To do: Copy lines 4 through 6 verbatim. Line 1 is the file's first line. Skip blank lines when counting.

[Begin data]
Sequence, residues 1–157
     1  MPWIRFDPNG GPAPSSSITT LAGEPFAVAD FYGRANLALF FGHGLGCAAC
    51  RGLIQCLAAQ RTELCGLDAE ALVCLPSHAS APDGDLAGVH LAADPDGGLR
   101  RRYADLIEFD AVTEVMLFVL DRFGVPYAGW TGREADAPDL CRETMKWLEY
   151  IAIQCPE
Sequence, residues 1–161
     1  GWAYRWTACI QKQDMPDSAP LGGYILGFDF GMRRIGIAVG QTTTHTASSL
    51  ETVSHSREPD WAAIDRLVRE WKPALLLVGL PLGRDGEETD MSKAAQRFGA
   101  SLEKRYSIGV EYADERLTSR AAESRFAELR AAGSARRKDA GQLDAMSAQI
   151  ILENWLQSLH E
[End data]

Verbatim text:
   101  RRYADLIEFD AVTEVMLFVL DRFGVPYAGW TGREADAPDL CRETMKWLEY
   151  IAIQCPE
Sequence, residues 1–161